If you're familiar with the Upper West Side yoga scene in Manhattan, you probably hear a slew of confusing yoga phraseology every day. Words like Iyengar, Bikram, and Vinyasa flow are either part of your daily vocabulary or the reason you haven't ventured into a yoga class yet. It's intimidating enough to put on those spandex pants and wander into a room full of super fit UWS yoga aficionados, but add in Sanskrit and you'll find your new Lululemon pants never make it inside a studio. Here's a little guide to help you translate your way into a yoga class.
Vinyasa Yoga: Traditionally a vinyasa is anytime a movement is intentionally paired with an inhalation or an exhalation. This means when your amazingly zen yoga teacher, Shivani (formerly known as Michelle,) says something like, "Inhale lift your hands to the ceiling, exhale touch your hands to the floor," you've actually performed two vinyasa counts.
Perhaps now you're scracthing your third eye, thinking, "Wait a second, isn't a vinyasa the flow from chaturanga dandasana to adho mukha svanasana??" And you'd be right! Sort of. Here's where the yoga lingo starts to get really tricky. Both definitions of vinyasa are actually acceptable uses of the word. So keep in mind when choosing classes that a vinyasa flow class will be a series of movements connected with the breath, but a vinyasa flow within that class might be used to describe a way to seamlessly connect one pose to another.
Bikram Yoga: Made popular in the city by 30 day Bikram challenges, this set sequence is one of the more controversial and popular practices in the yoga world. Known for it's 26 postures, heated rooms, high humidity, and scripted classes this yoga practice will definitely keep you bendy and detoxified. Just be sure to come prepared to sweat more than you have in your entire life and to be yelled at by your seemingly sweet and docile yoga teacher. (Not that I have anything against Bikram...)
Iyengar Yoga: Iyengar was a student of Krishnamacharya who took the lessons from his guru and then crafted his own alignment based approach to the practice of yoga. Iyengar teachers are highly trained and knowledgeable in human anatomy and alignment. You will be very slowly and expertly guided into asanas (postures) with the assistance of blocks, bolsters, straps, and blankets. Iyengar is a great and soothing practice for students who want to take a slow and methodical approach to their practice.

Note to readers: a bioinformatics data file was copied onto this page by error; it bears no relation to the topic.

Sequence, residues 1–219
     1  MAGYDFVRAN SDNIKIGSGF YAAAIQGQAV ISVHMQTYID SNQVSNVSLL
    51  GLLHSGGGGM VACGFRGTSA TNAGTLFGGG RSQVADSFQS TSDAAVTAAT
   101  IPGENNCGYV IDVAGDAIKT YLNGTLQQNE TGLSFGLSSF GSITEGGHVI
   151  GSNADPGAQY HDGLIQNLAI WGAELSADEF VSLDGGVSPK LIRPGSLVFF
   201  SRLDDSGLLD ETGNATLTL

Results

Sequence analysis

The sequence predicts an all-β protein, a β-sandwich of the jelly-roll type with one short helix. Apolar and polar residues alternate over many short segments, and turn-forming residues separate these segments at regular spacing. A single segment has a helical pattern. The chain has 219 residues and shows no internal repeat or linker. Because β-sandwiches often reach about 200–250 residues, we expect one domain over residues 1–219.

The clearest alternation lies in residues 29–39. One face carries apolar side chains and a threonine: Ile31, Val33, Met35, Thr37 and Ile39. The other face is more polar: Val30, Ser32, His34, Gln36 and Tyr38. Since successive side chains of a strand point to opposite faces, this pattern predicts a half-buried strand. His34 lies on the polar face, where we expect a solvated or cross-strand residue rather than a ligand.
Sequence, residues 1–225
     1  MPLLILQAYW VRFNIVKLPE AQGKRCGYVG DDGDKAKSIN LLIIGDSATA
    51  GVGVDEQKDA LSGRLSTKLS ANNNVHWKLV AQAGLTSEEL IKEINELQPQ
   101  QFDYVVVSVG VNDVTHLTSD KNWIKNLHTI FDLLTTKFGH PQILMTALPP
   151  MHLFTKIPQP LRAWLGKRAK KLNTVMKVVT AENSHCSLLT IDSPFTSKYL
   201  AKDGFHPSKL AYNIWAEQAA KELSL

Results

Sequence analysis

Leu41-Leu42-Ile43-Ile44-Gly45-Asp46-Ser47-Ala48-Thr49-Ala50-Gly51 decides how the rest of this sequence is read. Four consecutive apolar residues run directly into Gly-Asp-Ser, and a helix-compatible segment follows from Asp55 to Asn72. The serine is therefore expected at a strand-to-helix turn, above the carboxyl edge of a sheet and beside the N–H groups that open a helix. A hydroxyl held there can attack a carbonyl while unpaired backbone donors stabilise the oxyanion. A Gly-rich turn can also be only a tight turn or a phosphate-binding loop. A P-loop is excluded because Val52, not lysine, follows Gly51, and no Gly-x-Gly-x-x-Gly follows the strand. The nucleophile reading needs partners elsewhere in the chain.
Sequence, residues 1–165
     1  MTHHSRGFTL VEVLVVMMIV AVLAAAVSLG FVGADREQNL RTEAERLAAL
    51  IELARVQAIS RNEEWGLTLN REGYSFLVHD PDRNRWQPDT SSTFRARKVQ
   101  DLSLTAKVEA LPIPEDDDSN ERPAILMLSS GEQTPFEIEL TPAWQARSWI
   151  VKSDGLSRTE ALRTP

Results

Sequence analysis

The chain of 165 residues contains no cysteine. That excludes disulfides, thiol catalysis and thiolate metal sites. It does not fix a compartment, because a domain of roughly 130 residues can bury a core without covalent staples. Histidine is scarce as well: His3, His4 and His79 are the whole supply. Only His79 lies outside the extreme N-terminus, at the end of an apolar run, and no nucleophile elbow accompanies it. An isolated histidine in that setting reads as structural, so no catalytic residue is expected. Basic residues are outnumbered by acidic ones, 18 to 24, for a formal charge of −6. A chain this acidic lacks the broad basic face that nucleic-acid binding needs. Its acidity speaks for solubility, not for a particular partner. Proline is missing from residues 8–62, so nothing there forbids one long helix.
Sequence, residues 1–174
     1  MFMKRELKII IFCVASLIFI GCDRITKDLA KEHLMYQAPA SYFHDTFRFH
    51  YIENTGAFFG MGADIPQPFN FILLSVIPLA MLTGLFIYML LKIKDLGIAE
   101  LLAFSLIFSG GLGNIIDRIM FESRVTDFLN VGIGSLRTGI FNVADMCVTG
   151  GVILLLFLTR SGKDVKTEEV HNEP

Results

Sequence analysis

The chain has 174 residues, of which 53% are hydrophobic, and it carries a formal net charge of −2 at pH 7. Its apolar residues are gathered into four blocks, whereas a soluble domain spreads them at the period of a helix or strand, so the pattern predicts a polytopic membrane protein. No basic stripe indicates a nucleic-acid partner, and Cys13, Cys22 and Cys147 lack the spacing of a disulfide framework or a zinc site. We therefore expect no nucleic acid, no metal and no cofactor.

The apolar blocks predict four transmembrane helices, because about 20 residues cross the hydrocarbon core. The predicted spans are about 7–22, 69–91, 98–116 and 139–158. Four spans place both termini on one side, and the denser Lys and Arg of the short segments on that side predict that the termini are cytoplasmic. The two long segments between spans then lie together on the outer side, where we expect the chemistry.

Ashtanga: Brought to America by the teachings of Guruji (another student of Krishnamacharya) this yoga boasts an athletic and high paced approach to a series of set sequences. In a led class a teacher will likely take you through a half primary practice, which will definitely be a challenge and will offer your body the opportunity to jump, fold, twist, and bind all the way through class. If you want to take the practice much further you'll have to look for a Mysore Ashtanga program that can guide you past the primary series. Power yoga and Vinyasa yoga have roots that reach back to Ashtanga Vinyasa yoga.
Sunset Stretch Yoga: A form of yoga made popular by S2 Studio at Sloane Stecker's Lincoln Square location. This type of yoga is known for it's stunning views of the sun setting over Manhattan's Upper West Side as well as for it's vigorous and challenging sequences. Led by highly experienced teachers, students are able to challenge themselves to try new things in a luxurious environment. Best of all, you're rewarded with cocktails at the end of the night. Sunset Stretch might incorporate vinyasas, blocks and bolsters, and may even follow a set sequence; so you might say that a Sunset Stretch yoga class is the best class of them all....
Now you know what people are talking about when they invite you to a Vinyasa flow class or challenge you to 30 days of Bikram. Whatever you are looking for in a yoga practice, the Upper West Side has it. Even if what you want is a cocktail reception with killer views of the setting sun. This is New York City after all, you can have your cake and eat it too. (In this case the cake is exercise, which is the biggest perk of all!)
Sunset Stretch this Friday night at S2 Studio this Friday, October 24th from 6-7:30 PM.